Listen to all activity in the body
"We have developed a device that allows accurate and rapid diagnosis without the need for advanced technologies that are available only in large hospital departments, and without the need for advanced expertise in cardiology," says Dr. Doron Adler, CEO and founder of Sanolla. "VoqX greatly upgrades the attending physician's diagnostic abilities and saves the patient a great deal of hassle in hospitals. It shortens the process the patient undergoes until a diagnosis is reached, and brings it within the reach of the physician in the community. Even a nurse in a nursing home will be able to operate the device. VoqX can detect whether lung function is normal, and if not, what is wrong: fluid congestion, pulmonary edema, pneumonia. It can even distinguish between asthma and lung damage due to the coronavirus. It is possible to use VoqX to listen to the activity of the entire body, including movements that do not produce sound, like those of the joints. In the future, we may be able to hear the sound of worn-out cartilage and other indications that have sound signatures. VoqX can even detect the movement of a fetus in the amniotic fluid in the uterus."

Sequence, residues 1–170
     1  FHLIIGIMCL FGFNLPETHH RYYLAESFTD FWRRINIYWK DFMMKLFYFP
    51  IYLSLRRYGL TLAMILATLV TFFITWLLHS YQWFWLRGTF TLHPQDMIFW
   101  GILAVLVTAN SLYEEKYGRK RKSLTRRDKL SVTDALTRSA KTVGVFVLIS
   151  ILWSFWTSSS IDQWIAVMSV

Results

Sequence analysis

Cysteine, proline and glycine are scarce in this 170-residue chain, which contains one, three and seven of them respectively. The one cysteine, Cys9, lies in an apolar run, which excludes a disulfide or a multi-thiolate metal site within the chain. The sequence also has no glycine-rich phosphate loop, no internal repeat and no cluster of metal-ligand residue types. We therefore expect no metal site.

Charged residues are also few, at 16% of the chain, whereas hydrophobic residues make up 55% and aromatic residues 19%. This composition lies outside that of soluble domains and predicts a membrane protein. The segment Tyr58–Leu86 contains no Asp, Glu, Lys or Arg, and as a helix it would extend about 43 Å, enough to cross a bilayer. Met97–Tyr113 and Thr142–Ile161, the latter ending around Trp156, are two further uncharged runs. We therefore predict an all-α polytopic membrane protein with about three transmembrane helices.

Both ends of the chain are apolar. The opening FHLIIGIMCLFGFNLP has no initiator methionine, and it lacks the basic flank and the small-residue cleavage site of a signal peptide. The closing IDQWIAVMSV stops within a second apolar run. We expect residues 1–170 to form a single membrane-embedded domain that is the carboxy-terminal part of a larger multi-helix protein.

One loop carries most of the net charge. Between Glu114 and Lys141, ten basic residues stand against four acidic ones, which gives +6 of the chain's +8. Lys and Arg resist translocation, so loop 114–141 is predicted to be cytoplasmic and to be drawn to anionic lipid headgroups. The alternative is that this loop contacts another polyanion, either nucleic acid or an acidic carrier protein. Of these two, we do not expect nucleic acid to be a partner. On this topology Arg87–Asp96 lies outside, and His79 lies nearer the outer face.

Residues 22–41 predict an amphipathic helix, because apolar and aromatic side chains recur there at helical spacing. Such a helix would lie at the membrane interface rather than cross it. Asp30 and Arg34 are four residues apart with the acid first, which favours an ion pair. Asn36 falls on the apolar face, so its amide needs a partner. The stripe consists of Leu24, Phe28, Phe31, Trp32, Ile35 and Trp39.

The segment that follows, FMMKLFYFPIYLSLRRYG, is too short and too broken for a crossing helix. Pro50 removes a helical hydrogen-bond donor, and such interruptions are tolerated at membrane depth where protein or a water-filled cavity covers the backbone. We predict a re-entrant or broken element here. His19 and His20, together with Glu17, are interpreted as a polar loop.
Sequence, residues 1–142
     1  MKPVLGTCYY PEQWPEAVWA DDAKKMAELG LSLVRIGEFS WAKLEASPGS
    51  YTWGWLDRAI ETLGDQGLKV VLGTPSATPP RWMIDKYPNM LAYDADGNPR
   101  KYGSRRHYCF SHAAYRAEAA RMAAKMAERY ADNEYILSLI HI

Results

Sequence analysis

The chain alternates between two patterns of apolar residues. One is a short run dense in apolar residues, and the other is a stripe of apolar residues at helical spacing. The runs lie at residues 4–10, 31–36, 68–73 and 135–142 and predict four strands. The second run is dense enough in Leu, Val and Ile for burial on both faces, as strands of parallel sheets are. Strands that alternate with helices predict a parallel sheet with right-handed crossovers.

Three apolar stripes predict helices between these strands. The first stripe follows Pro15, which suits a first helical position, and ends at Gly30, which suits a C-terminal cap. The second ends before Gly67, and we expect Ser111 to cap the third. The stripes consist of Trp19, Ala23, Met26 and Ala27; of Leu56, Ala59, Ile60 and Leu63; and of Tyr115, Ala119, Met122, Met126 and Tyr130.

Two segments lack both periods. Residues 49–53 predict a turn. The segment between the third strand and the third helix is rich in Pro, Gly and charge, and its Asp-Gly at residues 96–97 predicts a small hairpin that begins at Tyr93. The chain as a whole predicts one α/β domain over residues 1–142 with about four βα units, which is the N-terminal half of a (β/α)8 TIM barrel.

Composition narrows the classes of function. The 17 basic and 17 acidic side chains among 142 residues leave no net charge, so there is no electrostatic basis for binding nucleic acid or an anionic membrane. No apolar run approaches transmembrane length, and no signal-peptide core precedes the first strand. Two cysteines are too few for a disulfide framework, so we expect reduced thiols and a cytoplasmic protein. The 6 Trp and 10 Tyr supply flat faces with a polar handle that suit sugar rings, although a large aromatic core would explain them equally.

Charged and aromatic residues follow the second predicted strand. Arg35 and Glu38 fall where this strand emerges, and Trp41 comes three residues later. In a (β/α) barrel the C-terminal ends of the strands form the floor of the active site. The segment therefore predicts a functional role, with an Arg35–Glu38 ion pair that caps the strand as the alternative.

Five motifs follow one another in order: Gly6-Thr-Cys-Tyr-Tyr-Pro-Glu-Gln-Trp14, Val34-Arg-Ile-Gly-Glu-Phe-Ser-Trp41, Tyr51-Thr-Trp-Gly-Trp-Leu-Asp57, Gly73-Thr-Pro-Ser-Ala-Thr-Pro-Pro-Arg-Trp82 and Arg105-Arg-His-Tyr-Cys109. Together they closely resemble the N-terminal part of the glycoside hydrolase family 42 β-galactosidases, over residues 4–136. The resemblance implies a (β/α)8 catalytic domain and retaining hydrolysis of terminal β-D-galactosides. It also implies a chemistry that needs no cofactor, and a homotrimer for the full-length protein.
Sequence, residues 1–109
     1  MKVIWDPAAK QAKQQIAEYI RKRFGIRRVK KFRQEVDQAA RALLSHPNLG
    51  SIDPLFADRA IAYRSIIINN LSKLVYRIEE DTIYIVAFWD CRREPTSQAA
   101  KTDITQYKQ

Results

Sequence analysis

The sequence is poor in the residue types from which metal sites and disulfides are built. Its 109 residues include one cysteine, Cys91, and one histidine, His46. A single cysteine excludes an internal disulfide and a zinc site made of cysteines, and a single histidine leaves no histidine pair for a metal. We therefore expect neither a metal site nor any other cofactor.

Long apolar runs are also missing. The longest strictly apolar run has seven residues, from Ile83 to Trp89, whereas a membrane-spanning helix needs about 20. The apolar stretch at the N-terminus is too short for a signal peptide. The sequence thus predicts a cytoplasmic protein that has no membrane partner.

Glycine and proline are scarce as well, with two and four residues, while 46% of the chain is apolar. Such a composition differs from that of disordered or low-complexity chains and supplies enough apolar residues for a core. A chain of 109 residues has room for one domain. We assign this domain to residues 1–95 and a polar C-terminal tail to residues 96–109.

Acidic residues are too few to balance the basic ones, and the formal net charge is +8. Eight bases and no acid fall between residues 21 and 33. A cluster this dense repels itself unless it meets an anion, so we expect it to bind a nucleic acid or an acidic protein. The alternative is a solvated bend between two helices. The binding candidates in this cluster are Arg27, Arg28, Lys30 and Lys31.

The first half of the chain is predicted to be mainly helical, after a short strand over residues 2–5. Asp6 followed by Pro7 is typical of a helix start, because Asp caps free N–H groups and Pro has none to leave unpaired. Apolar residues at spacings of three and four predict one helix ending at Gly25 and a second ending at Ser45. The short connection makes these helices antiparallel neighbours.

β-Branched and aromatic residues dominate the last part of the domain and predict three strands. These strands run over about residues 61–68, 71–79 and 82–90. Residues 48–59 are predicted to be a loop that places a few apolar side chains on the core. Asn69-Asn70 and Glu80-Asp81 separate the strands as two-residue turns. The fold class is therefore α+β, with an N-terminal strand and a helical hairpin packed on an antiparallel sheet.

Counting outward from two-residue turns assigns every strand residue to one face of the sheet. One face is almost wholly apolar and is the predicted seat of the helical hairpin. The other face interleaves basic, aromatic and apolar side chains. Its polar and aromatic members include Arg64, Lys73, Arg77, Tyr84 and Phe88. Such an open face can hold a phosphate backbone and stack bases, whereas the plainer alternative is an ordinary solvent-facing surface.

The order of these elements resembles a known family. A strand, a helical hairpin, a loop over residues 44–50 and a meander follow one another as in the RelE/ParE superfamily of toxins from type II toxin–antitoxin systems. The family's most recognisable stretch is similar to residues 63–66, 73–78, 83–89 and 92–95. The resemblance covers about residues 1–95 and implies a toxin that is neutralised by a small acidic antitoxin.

“You mentioned corona. Has VoqX been used already to identify corona patients?”
"Yes. The device listens to sounds, processes them, and within seconds produces an assessment of whether the person has COVID-19, and if yes, how severe the disease is. One of the challenges the coronavirus presented was to differentiate between normal pneumonia and pneumonia due to COVID-19. It turned out that in corona patients the inflammation is not in the lung itself, but in the tissue that surrounds it. The sounds the disease makes are different and can be heard distinctly. Thus, the product can identify and classify cardiac insufficiency and chronic pulmonary diseases. Today these conditions can be identified only by a physician at the clinic or in the emergency room. We will make it possible for a doctor to identify them already in the community or a home examination."
Obtaining critical medical identification early